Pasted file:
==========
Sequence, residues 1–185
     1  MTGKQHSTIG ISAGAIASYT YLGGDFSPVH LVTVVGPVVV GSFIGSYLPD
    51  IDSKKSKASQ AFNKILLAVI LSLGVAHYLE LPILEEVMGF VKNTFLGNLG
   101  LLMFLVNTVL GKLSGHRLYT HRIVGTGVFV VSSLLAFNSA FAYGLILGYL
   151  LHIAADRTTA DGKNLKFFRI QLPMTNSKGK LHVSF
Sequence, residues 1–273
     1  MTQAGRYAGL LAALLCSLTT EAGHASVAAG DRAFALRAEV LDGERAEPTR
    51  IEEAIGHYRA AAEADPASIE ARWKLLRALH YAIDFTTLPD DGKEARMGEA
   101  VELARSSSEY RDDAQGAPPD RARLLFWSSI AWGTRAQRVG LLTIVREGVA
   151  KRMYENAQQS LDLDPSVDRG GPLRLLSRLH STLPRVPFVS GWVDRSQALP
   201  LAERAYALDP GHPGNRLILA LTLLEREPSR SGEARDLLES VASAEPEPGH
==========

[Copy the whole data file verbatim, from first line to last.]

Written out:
Sequence, residues 1–185
     1  MTGKQHSTIG ISAGAIASYT YLGGDFSPVH LVTVVGPVVV GSFIGSYLPD
    51  IDSKKSKASQ AFNKILLAVI LSLGVAHYLE LPILEEVMGF VKNTFLGNLG
   101  LLMFLVNTVL GKLSGHRLYT HRIVGTGVFV VSSLLAFNSA FAYGLILGYL
   151  LHIAADRTTA DGKNLKFFRI QLPMTNSKGK LHVSF
Sequence, residues 1–273
     1  MTQAGRYAGL LAALLCSLTT EAGHASVAAG DRAFALRAEV LDGERAEPTR
    51  IEEAIGHYRA AAEADPASIE ARWKLLRALH YAIDFTTLPD DGKEARMGEA
   101  VELARSSSEY RDDAQGAPPD RARLLFWSSI AWGTRAQRVG LLTIVREGVA
   151  KRMYENAQQS LDLDPSVDRG GPLRLLSRLH STLPRVPFVS GWVDRSQALP
   201  LAERAYALDP GHPGNRLILA LTLLEREPSR SGEARDLLES VASAEPEPGH